IT’S another indication of just how challenging Division 2 of the National Football League, which starts at the weekend, is going to be after three of Cork’s opponents all reached the finals of their pre-season warm-up competitions.
Manager John Cleary’s side faced Limerick in the McGrath Cup decider in Mallow, winning by 0-19 to 2-7, adding to the previous week’s success against Clare in Quilty.
Cork will face their Munster rivals at various stages, hosting Limerick and travelling to Ennis to play the Banner, confident in collecting a maximum return from both.
Up north, Ulster champions Derry lifted the Dr McKenna Cup with a big win over Tyrone and they’ll visit Leeside on the final weekend of the league when all the promotion and relegation issues will be decided.
Prior to that, Cork travel to play Louth in Ardee, the Wee County having reached the final of the O’Byrne Cup, a competition dotted with controversy over walkovers but losing heavily to Longford.
How significant any of this remains to be seen because the league will rise an appreciable level with seven games packed together in something like 10 weeks when panels’ strengths will be tested.
Cork begin with Colm O’Rourke’s Meath heading to Páirc Uí Chaoimh for a 1.30pm throw-in on Sunday and it’s a massive game for both counties with a requirement of trying to win your opener uppermost in the thought processes.
Cork’s stock has lifted with the results, performances and form of the players in the McGrath Cup. Having just survived last season, the Rebels are now rated 12/1 in the betting to win promotion to Division 1.
Unsurprisingly, Dublin, relegated at the end of the 2022 campaign, are the 1/3 red hot favourites to spring back to the top tier immediately along with 9/2 Derry.
The Dubs meet fellow relegated Kildare at Croke Park on Saturday-the condition of the pitch at headquarters getting a right doing among the chattering classes-a game that is sure to be quite revealing.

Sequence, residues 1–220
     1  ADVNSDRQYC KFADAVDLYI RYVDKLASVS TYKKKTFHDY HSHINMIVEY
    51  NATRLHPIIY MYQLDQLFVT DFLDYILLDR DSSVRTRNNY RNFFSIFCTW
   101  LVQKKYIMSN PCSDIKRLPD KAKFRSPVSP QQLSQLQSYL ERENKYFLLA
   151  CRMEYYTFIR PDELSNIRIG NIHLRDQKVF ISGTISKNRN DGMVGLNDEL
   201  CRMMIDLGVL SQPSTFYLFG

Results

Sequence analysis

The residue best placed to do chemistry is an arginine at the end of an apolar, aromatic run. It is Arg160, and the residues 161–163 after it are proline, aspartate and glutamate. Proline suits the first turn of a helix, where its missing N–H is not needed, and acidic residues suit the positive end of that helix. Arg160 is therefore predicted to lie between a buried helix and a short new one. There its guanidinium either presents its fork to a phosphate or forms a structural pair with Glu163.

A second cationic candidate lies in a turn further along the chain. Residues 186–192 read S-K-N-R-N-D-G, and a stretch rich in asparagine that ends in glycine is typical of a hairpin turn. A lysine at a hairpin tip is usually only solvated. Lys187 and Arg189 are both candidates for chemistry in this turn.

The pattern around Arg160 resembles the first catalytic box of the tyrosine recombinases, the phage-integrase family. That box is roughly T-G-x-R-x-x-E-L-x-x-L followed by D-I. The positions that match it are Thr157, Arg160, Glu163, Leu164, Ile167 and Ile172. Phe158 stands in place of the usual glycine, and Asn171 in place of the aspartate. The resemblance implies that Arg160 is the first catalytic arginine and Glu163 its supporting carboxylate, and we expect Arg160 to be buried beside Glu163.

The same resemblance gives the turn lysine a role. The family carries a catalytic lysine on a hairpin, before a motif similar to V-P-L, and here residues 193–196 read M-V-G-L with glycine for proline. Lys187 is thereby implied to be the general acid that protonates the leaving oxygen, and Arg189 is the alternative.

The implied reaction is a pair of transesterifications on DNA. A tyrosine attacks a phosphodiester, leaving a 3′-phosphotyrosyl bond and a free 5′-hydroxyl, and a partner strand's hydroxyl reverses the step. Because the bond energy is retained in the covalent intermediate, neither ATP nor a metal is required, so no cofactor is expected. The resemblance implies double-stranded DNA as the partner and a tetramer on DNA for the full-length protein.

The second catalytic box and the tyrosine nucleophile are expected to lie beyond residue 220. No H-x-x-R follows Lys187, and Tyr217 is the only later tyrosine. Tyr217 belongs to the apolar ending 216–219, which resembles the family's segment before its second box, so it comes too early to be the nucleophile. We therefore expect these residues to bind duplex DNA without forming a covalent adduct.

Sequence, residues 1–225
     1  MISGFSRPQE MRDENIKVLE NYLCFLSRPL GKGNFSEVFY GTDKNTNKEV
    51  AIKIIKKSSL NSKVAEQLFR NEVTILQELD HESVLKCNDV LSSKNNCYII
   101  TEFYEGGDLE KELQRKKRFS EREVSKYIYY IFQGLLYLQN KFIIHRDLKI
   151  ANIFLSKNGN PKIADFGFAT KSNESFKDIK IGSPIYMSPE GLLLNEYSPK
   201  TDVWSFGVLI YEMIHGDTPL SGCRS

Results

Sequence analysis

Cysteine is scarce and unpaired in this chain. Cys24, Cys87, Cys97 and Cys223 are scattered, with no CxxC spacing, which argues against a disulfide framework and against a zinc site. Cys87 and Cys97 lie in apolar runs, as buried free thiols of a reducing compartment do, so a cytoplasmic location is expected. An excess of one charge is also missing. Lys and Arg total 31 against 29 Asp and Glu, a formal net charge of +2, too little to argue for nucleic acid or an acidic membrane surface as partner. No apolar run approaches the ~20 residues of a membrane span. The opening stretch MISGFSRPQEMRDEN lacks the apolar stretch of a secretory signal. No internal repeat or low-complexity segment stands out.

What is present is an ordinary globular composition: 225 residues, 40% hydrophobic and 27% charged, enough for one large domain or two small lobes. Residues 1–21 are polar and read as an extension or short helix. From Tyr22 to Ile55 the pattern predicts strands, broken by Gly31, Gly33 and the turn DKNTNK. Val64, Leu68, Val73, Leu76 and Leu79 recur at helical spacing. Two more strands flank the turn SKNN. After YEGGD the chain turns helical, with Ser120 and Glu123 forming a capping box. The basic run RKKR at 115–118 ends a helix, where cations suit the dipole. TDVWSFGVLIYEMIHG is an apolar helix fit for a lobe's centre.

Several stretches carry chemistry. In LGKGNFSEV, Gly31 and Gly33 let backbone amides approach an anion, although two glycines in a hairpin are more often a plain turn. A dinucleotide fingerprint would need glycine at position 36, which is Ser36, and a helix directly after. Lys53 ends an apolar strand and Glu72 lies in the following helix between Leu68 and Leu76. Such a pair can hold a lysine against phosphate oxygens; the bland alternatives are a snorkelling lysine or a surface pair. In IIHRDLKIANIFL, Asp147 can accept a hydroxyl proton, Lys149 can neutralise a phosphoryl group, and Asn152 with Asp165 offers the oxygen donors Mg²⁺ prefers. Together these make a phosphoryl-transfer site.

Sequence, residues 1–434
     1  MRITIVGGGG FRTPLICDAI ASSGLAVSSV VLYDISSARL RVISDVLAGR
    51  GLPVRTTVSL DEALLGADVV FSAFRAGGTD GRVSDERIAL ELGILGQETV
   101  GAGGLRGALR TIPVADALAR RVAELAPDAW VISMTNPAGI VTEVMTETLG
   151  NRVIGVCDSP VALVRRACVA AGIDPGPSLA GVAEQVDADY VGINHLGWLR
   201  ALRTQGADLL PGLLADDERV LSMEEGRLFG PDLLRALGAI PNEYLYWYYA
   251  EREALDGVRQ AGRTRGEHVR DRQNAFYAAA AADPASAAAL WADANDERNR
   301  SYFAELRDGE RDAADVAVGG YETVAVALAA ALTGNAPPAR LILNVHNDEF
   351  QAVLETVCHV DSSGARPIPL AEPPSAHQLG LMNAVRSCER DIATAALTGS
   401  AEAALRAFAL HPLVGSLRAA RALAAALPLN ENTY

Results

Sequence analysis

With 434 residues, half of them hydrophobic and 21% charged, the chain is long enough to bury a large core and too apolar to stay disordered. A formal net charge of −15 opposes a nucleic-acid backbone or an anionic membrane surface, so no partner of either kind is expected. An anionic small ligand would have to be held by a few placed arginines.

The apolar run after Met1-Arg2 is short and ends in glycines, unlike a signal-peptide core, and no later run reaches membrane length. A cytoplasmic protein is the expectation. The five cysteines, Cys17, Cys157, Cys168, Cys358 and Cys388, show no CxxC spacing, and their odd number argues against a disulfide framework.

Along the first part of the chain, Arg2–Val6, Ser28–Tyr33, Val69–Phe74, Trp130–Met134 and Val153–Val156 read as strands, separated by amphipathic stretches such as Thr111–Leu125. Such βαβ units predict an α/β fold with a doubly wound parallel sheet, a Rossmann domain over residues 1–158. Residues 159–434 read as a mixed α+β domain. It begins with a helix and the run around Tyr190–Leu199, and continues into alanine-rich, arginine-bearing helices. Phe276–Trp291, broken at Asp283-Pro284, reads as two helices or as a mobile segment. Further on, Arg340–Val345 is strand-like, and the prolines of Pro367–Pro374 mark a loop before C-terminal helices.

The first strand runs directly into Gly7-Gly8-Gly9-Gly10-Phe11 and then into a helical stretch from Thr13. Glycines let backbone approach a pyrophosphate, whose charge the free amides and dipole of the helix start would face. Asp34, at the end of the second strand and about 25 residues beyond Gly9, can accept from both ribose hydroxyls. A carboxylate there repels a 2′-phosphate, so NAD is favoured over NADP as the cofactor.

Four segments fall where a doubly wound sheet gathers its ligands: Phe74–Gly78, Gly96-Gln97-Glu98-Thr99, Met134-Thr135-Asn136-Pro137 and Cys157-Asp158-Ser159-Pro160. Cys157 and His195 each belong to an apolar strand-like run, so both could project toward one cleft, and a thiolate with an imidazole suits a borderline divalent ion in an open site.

Limerick and Louth, promoted from Division 3 last year, are tipped to slip through the trapdoor and the Shannonsiders couldn’t have asked for a more difficult assignment than Derry in Owenbeg on Saturday.
Clare host Louth in Ennis on Sunday and the outcome here will have a big say in the relegation battle in the long term.
The league is again critical in 2023 because of its links to the championship. Every team in the country has just one immediate target for the new season, ensuring they’re one of the 16 counties contesting the Sam Maguire Cup, which has another, different format in the summer. Otherwise, it’s the tier-two Tailteann Cup.
One of Leitrim, London, or Sligo will make it to the Connacht final against either Galway, Mayo, or Roscommon because of the lop-sided draw.
The 16 teams will be divided into four pools of four, ensuring every county plays a minimum of three games. The format is that each of the groups will have a provincial winner, who will enjoy home advantage first, as well as a runner-up from another province and two more teams based on league standings.
Every team will play a home, away, and neutral game, with the winners of the four sections qualifying for the All-Ireland quarter-finals. The teams finishing second and third will go into a preliminary quarter-final draw, with the higher-ranked team at home.
That’s obviously further down the road for most counties, whose immediate priority is creating a favourable impression in the league.
Monaghan v Armagh, Castleblaney, 6.30pm; Mayo v Galway, Castlebar, 7.30pm.
Derry v Limerick, Owenbeg, 3pm; Dublin v Kildare, Croke Park, 5pm.
Fermanagh v Longford, Ederney, 2pm; Tipperary v Down, Thurles, 6pm.
Carlow v Wicklow, Cullen Park, 7pm; Wexford v London, Wexford Park, 7pm.
Roscommon v Tyrone, Dr Hyde Park, 1.30pm; Donegal v Ballybofey, 2pm.
Cork v Meath, Páirc Uí Chaoimh, 1.30pm; Clare v Louth, Cusack Park, 2pm.
Westmeath v Cavan, Mullingar, 2pm; Antrim v Offaly, Belfast, 2pm.
Leitrim v Waterford, Carrick-on-Shannon, 1pm; Sligo v Laois, Markievicz Park, 2pm.